Thursday, June 8, 2017

The Joys of Nonviolent Encounters in D&D

So for my birthday (well, the night before, but going into the morning of) I had a really great session of D&D with my party. I came away with a smile on my face, and that's always great.

Partially it was because of a good fight - the party encountered a feature of the land in which they find themselves, called a Darkstorm, where undead and demons assail them. I decided to ditch my randomized list and instead pick an appropriately creepy creature from Volo's Guide to Monsters called a Spawn of Kyuss - a zombie-like thing filled with burrowing worms that can infect people (none of the players got hit, but a couple of NPCs they were guarding did - thankfully for them, the Paladin was ready with Lay on Hands to cure diseases.) Everyone got to do something cool during the fight.

The best part, however, was when I had them go into an Outer Plane of my own devising (I muck around a lot with D&D lore, though if I get into serious trouble I'll just make this a subsection of the Nine Hells) called the Oubliette, where they were trying to secure the release of a prisoner who had knowledge of the fortress they had just taken. As I had planned, a Bearded Devil appeared to try to stop them, but thankfully I trusted my instincts (and my battle fatigue after a protracted Darkstorm fight) I decided to play up the lawful, and thus bureaucratic nature of devils.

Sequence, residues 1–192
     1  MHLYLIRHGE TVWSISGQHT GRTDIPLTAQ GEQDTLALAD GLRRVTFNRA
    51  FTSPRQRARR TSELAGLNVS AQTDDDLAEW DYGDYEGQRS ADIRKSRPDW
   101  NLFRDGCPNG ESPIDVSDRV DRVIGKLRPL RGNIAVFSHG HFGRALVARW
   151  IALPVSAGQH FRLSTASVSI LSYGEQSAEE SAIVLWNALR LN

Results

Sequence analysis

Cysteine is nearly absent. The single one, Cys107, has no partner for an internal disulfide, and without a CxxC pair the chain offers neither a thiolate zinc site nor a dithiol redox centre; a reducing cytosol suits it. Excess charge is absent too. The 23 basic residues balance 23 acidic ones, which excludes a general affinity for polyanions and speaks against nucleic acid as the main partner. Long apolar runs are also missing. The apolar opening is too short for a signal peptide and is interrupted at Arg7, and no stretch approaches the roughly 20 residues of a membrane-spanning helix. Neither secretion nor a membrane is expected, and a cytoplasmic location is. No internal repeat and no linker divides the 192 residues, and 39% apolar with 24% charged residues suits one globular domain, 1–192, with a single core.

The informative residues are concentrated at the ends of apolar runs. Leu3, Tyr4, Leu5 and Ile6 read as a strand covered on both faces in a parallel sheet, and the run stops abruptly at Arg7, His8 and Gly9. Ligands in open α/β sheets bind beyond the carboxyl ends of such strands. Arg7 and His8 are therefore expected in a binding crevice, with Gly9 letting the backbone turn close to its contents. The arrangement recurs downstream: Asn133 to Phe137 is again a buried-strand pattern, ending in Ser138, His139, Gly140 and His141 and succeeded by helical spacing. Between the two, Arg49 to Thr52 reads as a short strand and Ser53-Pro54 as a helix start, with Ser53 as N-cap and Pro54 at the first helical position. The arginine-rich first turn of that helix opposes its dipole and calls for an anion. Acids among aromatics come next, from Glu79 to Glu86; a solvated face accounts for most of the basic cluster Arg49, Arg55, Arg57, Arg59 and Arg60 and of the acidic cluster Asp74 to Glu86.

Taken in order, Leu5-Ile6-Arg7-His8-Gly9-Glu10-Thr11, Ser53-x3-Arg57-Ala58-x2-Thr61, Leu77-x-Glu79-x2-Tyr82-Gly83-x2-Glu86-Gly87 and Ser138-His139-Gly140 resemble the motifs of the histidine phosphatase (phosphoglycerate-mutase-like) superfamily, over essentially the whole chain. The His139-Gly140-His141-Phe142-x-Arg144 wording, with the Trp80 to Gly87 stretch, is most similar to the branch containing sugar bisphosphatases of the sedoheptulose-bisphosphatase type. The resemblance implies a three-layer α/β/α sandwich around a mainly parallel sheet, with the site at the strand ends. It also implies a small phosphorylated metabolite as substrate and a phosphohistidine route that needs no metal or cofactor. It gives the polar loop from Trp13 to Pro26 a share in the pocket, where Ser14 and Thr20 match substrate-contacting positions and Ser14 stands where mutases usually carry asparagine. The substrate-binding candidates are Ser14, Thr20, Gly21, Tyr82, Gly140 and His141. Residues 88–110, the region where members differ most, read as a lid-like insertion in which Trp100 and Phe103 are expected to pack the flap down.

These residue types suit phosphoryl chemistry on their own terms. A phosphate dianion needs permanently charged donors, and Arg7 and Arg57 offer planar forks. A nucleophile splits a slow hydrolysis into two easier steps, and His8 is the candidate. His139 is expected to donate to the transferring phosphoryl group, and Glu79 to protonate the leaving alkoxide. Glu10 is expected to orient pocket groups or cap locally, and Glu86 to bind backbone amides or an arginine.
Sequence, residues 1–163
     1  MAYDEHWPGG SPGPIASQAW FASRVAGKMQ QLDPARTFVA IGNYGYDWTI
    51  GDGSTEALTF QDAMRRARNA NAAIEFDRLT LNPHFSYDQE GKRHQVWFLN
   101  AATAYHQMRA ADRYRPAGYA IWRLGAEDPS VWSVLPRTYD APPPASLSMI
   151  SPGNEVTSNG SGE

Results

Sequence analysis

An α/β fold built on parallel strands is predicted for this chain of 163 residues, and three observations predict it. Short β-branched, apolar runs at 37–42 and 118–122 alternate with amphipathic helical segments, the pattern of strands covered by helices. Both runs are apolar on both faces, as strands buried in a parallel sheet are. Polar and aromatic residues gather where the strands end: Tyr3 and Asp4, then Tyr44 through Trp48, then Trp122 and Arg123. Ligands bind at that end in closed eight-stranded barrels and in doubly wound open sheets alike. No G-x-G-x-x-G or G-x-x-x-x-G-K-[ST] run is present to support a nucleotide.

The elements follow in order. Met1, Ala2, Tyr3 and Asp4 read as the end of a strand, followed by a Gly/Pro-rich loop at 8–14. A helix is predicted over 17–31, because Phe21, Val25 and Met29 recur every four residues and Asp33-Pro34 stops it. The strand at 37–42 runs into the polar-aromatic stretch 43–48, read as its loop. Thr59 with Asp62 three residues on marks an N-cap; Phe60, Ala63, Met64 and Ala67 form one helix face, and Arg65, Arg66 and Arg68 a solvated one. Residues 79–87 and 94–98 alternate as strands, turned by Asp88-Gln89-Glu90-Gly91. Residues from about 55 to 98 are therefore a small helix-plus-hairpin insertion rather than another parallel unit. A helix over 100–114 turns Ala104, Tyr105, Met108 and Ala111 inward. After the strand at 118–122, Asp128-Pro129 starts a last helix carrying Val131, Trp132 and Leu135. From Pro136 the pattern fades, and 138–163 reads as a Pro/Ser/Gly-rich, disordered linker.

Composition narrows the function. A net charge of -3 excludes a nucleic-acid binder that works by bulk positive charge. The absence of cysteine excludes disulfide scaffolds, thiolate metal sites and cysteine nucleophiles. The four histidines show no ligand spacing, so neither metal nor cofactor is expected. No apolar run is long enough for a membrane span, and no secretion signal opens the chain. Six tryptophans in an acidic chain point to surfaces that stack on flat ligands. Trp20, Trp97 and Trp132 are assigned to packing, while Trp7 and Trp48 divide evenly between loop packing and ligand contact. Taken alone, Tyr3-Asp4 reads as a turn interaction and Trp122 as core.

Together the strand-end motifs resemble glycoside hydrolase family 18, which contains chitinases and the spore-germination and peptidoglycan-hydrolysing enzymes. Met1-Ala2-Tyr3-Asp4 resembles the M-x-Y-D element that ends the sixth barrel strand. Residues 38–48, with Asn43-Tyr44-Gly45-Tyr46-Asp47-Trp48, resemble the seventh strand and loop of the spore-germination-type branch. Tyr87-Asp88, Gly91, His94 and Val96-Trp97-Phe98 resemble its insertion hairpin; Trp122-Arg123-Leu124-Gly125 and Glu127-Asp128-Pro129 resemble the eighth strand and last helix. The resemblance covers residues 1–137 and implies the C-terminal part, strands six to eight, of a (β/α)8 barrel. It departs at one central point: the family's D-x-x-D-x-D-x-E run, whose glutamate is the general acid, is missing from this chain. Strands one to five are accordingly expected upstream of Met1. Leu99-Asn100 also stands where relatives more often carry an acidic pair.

The Bearded Devil, who I named on the spot Kanameir, talked with the wizard in the party about securing a prisoner release form, which could only be done by proving the demise of the fortress' former commander and convincing him that the wizard was the new commander. The wizard rolled three natural 20s in a row - first to get the fiend to talk to him, second to know it would not be a good idea of ignore the devil's instruction to wait while he did hours worth of paperwork, and third to sign with a fake (ridiculous) name that, with a Deception check crit, he pulled off.

So now this party member not only has a friend in the infernal bureaucracy, but also secured the ability to house up to five prisoners within this horrific dimension. (He's True Neutral, so I don't think he'd have qualms.)

Anyway, as I said before, my quasi-new-years resolution was to allow for more non-combat encounters as the players saw fit, and this early example was a huge success.

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